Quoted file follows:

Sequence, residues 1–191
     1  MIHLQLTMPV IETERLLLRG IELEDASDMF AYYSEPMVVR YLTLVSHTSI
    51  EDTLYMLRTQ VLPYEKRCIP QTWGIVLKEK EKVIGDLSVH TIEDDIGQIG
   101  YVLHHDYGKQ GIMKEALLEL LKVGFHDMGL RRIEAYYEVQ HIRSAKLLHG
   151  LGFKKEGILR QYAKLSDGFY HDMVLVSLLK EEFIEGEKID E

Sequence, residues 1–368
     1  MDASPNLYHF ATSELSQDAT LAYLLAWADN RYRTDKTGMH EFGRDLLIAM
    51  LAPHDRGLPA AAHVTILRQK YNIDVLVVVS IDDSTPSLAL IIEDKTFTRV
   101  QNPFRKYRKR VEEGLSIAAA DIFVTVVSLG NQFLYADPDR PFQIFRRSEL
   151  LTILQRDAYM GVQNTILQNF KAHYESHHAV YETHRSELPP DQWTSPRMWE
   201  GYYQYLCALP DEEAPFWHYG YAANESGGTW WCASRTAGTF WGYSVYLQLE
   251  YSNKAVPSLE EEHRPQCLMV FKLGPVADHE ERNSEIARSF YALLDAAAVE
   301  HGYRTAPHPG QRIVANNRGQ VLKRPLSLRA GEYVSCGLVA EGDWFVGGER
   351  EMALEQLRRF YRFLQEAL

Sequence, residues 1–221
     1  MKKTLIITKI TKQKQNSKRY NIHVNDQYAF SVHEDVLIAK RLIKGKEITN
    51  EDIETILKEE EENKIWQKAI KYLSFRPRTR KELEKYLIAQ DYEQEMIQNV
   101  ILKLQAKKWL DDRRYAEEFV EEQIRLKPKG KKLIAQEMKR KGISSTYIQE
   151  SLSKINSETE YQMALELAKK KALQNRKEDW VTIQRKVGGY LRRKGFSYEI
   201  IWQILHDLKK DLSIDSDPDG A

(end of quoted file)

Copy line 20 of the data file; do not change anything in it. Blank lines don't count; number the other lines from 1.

   201  IWQILHDLKK DLSIDSDPDG A